Monday, September 29, 2008


My day with Kathryn was delightful. We went to an internet cafe, where I booked seats for Robin and me on today's flight and printed our boarding passes. Then we went to Kathryn's flat for lunch, a good talk, and a browse through family photos.

Kathryn had an errand to run, so we combined business with pleasure by going first to - oh, dear - Stowe-on-Wold (sp?) to pick up a piece of furniture, then off to the Slaughters, about which I had just been listening to a radio show. The Slaughters were very pretty, and I enjoyed rummaging in the Saxon-Norman church in Upper Slaughter. We left there and drove through the beautiful Cotswolds. Kathryn was telling me a story when we drove through Upper and Lower Swell. I commented that Swell was, in fact, swell, and she offered to turn around to get a better look. I decided, though, to save Swell for next year. We passed Blenheim and considered a detour to Churchill's burial site, but time was speeding by, so we headed back to Oxford, where we had a cup of coffee and went to the railway station. I was a little nervous about missing my train. It was going to be dark when I got to Reading, and I was none to confident about being able to find my way from the station to the boat in the dark. So Anyway, we made a quick pit stop at W.H. Smith in the station, and then we said good-bye. I am just so pleased that I finally got to meet Kathryn.
On my arrival in Reading, I visited its much larger W.H. Smith, bought a John Irving novel for my flight home, then found the queue for taxis and made some poor driver take me the four blocks or so to where our boat was moored.

This morning, we caught the bus to Heathrow. Robin is gazing out at planes landing and taking off, while I wander around the airport. We are scheduled to fly out at 1:05 this afternoon - not too long, now.

After we get home, I'll have to read through Robin's log, to reconnect with some of the places we visited. It all becomes a blur after a while.

Sunday, September 28, 2008

Special day

I've left Robin in Reading, taken the train to Oxford, and I'm sitting in an internet cafe with Kathryn, who picked me up at the station and is about to show me the Cotswolds. Home tomorrow.

Tuesday, September 23, 2008

Down the Rabbit Hole Again

"Again", because I spent 45 minutes at an internet cafe in Oxford yesterday. I typed up a splendid entry for this blog, then got cut off quite suddenly and lost the whole thing. I complained to the proprietor that there had been no warning, and he told me there had. Odd, since I was watching for it. Anyway, I made an indelicate remark and left, figuring he wasn't going to get another pound from me. That was actually my only unpleasant encounter in Oxford. In general, I found the city quite enchanting. Robin didn't agree.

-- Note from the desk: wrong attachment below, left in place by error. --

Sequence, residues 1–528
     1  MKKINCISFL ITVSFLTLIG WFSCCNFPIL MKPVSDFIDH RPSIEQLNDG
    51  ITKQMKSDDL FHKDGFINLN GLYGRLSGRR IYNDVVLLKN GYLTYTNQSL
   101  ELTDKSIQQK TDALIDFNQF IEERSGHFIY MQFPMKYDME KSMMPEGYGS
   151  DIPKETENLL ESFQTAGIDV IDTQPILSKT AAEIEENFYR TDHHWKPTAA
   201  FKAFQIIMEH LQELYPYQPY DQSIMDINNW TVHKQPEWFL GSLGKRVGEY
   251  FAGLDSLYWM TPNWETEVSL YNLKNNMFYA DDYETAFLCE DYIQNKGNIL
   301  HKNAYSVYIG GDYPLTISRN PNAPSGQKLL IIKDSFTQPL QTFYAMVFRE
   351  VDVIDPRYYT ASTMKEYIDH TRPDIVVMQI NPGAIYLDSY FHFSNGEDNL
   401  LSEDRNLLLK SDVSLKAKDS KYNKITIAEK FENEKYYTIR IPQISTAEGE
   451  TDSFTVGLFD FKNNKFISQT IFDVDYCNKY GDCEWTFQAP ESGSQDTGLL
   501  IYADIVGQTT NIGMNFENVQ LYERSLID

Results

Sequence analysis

I should back up, though, to fill in the few days preceding our visit to Oxford.

We had rented the narrowboat for the 19th (was that Friday?) in Reading, and we had to return our rental car to Bournemouth that same day - so we drove from "our" holiday caravan to Bournemouth - a three-hour drive - just in time for the noon drop-off. Brother David was waiting there for us, ready to drive back home, pick up Sheila, and all go to Reading. We had decided, though, that four people and all the baggage for four people would make for a very cramped ride. David drove to the railway station in Bournemouth and dropped me off. I had just time to eat lunch and buy a copy of A Thousand Splendid Suns before my train came. Then I had a quiet, happy journey to Reading, all on my own, watching for familiar stations along the way, diving happily into the book I'd been wanting to read.

I arrived in Reading at about 3 o'clock, went on board the Lord of Caversham, got my bearings, and waited for the arrival of my traveling companions. When we were all finally aboard, we set off in the direction of Oxford. We spent one night along the way, and had dinner at the local pub. Talking to people coming downstream, we discovered that the Thames had in fact just been opened to traffic after being shut down for a couple of weeks on account of flooding.

On arrival in Oxford on Sunday, David and I went hunting for the supermarket. We found Sainsbury's in the Westgate Shopping Centre, and along the way I stopped to ask about Evensong at Christ Church College. It was to be at 6 o'clock, and it would be choral. Perfect. Sheila's ankle was bothering her, so she stayed aboard to cook dinner. The men went to the pub just across the river (called The Head of the River), and I kept going to the chapel. After my Liturgical Music Fix, I joined the men for what has become my signature drink here - a half-pint of lemonade with just a splash of bitter to cut the sweetness. Then we went back to the boat, where Sheila had prepared us a lovely meal.